Salaries, Secrecy and Sex Discrimination
The Legal Intelligencer, June 24, 2014.
Pay equity, the notion that pay disparities between men and women should be eliminated, has been a hot topic in the last year, as women have been instructed to “lean in” to advance their careers, Lily Ledbetter has become a household name, and the credo “equal pay for equal work” has become commonplace. Although the campaign for equal pay began decades ago, many Americans are rightly alarmed by the revelation that women, on average, still earn just 77% of the amount that their male counterparts make. White House Nat’l Equal Pay Task Force, Fifty Years after the Equal Pay Act 7 (2013). At that rate, a female employee working full-time must put in 60 extra work days before she will keep pace with the annual earning of her male peers. Ariane Hegewish, et al., Inst. for Women’s Policy Research, Pay Secrecy and Wage Discrimination (2011); Eileen Patten, On Equal Pay Day, Key Facts About the Gender Gap, (last visited May 18, 2014), http://www.pewresearch.org.
One factor that is widely thought to further unequal pay is the relative code of silence that surrounds issues of compensation. In a society in which individuals are reluctant to share the amount that they earn with friends, or even family, it is not surprising that most Americans do not disclose their pay to co-workers or discuss compensation in the workplace.
The silence surrounding pay is not just the result of a deeply embedded social norm or a well-developed sense of modesty, however. Many employees keep quiet because they have been instructed to do so by their employer. The admonitions often take the form of verbal warnings that are issued upon hiring, or which are codified in employee handbooks. Whatever their form, the policies often carry the threat of sanctions for non-compliance. Nationally, approximately 50 percent of employers are thought to have policies that direct employees to keep quiet regarding compensation. Tom Dreisbach, ‘Pay Secrecy’ Policies at Work, (last visited May 18, 2014), http://www.npr.org.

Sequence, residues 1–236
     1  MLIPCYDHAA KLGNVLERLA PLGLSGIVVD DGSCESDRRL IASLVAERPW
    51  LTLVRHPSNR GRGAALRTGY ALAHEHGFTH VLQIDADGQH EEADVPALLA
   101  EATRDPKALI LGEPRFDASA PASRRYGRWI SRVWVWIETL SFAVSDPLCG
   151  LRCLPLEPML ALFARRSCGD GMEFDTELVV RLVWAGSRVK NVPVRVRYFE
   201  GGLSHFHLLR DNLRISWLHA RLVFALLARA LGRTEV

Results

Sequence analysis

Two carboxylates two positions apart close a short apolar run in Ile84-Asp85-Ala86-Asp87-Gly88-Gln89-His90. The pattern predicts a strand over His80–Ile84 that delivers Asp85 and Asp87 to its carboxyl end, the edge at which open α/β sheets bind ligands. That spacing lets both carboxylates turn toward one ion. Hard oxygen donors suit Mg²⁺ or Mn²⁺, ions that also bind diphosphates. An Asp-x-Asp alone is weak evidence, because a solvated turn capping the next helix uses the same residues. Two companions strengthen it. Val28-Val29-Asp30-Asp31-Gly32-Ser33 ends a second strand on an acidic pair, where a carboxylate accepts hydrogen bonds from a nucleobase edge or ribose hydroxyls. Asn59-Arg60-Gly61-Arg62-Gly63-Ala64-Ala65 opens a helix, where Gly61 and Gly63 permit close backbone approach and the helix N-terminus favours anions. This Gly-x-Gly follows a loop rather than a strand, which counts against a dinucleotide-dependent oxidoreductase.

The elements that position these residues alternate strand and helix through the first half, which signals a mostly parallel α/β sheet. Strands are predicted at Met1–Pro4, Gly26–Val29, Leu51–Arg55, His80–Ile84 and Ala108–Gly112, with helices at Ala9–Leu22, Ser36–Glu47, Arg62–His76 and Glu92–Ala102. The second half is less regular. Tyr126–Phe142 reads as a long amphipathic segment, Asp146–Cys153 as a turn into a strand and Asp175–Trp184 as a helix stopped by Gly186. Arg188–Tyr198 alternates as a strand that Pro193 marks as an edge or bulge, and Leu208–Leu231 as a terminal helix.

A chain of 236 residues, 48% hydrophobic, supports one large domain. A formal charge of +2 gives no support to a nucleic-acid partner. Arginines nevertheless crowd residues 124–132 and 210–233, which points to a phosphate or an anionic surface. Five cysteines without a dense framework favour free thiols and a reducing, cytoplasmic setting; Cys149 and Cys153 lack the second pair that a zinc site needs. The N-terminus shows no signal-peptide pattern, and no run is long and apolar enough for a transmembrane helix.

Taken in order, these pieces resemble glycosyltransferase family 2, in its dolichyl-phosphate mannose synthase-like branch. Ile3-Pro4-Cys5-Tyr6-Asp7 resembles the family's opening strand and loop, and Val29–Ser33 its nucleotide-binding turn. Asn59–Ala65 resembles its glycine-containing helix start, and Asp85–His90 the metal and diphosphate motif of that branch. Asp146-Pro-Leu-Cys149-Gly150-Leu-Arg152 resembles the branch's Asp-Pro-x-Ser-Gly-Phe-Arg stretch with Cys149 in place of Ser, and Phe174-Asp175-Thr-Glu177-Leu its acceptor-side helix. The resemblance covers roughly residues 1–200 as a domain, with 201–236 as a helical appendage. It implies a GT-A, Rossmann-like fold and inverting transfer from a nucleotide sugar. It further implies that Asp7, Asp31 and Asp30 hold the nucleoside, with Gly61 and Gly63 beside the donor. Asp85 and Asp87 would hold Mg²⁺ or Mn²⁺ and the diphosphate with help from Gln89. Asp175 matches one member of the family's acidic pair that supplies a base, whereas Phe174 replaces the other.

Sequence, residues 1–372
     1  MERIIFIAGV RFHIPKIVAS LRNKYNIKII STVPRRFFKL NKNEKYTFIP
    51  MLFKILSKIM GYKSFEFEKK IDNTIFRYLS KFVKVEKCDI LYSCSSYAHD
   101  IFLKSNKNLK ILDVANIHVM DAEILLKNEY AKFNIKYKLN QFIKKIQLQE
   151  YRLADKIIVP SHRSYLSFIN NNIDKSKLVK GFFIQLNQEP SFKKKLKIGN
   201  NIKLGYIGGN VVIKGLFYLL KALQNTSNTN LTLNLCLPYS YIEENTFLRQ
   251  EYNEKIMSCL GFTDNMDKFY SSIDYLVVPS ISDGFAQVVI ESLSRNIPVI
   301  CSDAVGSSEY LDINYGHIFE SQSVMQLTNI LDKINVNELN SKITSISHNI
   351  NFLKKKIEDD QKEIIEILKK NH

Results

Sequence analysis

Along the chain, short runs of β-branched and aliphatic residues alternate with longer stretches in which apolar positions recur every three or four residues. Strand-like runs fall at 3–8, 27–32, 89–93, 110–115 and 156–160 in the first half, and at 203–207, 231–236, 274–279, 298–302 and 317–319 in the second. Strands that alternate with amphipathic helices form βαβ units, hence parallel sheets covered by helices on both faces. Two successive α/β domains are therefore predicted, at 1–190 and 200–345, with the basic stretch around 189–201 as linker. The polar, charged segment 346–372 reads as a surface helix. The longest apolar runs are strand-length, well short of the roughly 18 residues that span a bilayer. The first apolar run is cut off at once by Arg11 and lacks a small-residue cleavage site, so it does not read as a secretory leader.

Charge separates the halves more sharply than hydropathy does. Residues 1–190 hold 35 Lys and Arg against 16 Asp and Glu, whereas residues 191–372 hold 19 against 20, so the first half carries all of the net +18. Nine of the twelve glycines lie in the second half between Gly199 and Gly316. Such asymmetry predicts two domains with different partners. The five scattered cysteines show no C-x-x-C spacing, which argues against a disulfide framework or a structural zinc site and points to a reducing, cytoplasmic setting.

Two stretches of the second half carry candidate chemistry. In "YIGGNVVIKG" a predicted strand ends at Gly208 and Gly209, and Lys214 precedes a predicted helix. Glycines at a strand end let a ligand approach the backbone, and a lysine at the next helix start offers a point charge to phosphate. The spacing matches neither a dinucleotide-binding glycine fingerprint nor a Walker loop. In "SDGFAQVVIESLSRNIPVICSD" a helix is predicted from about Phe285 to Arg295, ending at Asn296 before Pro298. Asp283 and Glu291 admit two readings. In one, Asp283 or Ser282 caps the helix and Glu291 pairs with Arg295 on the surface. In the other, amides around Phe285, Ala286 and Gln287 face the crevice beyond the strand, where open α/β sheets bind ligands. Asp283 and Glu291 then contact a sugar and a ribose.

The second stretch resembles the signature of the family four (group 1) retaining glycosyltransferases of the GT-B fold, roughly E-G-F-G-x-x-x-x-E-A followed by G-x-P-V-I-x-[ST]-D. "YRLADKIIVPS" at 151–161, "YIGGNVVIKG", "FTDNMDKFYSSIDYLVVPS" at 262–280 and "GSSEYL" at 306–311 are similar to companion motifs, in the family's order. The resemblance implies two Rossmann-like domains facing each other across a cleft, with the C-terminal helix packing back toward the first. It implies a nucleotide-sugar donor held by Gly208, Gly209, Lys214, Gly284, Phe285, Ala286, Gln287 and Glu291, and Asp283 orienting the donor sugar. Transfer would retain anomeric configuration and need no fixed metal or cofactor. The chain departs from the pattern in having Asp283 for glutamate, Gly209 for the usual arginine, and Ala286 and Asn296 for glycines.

The concern with pay secrecy, however, is not just that employees will run out of topics at the water cooler or company picnic. As Justice Ginsburg observed in her widely cited dissent in Ledbetter v. Goodyear Tire & Rubber Co., 550 U.S. 618 (2007), when compensation is not discussed in the workplace, pay disparities based on sex, “are often hidden from sight.” Ledbetter, 550 U.S. at 649. Many female employees never discover that they are being paid less than their male co-workers, or only do so after years of lost wages. In the interim, female employees lose the opportunity to advocate for equal pay.
Although the end result of pay secrecy policies may often be inequality, employers commonly adopt policies with no intention of enlisting in society’s “gender wars” or hindering their female employees. Instead, many employers advance pay secrecy for completely legitimate reasons apart from sex. Brian O’Neill, Pay Confidentiality: A Remaining Obstacle to Equal Pay After Ledbetter, 40 Seton Hall L. Rev. 1217, 1233 (2010); Rafael Gely, Leonard Bierman, Pay Secrecy/Confidentiality Rules and the Nat’l Labor Relations Act, 6 U.Pa.J.Lab.& Emp.L. 121, 129 (2003).